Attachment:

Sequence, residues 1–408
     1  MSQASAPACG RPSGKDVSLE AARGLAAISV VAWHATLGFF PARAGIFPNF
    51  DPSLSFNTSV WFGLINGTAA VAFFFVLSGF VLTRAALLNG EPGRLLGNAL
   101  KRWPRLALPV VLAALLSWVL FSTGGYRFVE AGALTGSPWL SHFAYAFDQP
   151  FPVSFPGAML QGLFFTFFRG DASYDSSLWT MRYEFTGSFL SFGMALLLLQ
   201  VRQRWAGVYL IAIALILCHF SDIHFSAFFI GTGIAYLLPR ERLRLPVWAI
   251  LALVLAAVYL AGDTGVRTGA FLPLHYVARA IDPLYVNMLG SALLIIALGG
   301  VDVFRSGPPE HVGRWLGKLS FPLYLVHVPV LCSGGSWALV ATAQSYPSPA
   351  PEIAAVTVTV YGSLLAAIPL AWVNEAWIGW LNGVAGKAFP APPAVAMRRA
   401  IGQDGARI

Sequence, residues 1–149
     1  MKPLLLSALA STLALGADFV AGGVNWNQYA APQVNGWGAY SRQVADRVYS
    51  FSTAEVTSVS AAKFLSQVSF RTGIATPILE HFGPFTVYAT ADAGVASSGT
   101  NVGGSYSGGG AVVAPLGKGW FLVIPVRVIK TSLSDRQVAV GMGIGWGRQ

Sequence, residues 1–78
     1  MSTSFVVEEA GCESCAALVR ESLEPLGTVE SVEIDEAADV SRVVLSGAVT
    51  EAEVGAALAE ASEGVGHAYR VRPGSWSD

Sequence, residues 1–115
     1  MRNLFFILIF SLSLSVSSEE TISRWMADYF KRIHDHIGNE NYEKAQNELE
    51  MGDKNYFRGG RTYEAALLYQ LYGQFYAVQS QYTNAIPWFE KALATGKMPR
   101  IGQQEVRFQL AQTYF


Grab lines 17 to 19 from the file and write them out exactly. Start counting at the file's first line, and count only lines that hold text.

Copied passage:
    51  EAEVGAALAE ASEGVGHAYR VRPGSWSD

Sequence, residues 1–115
     1  MRNLFFILIF SLSLSVSSEE TISRWMADYF KRIHDHIGNE NYEKAQNELE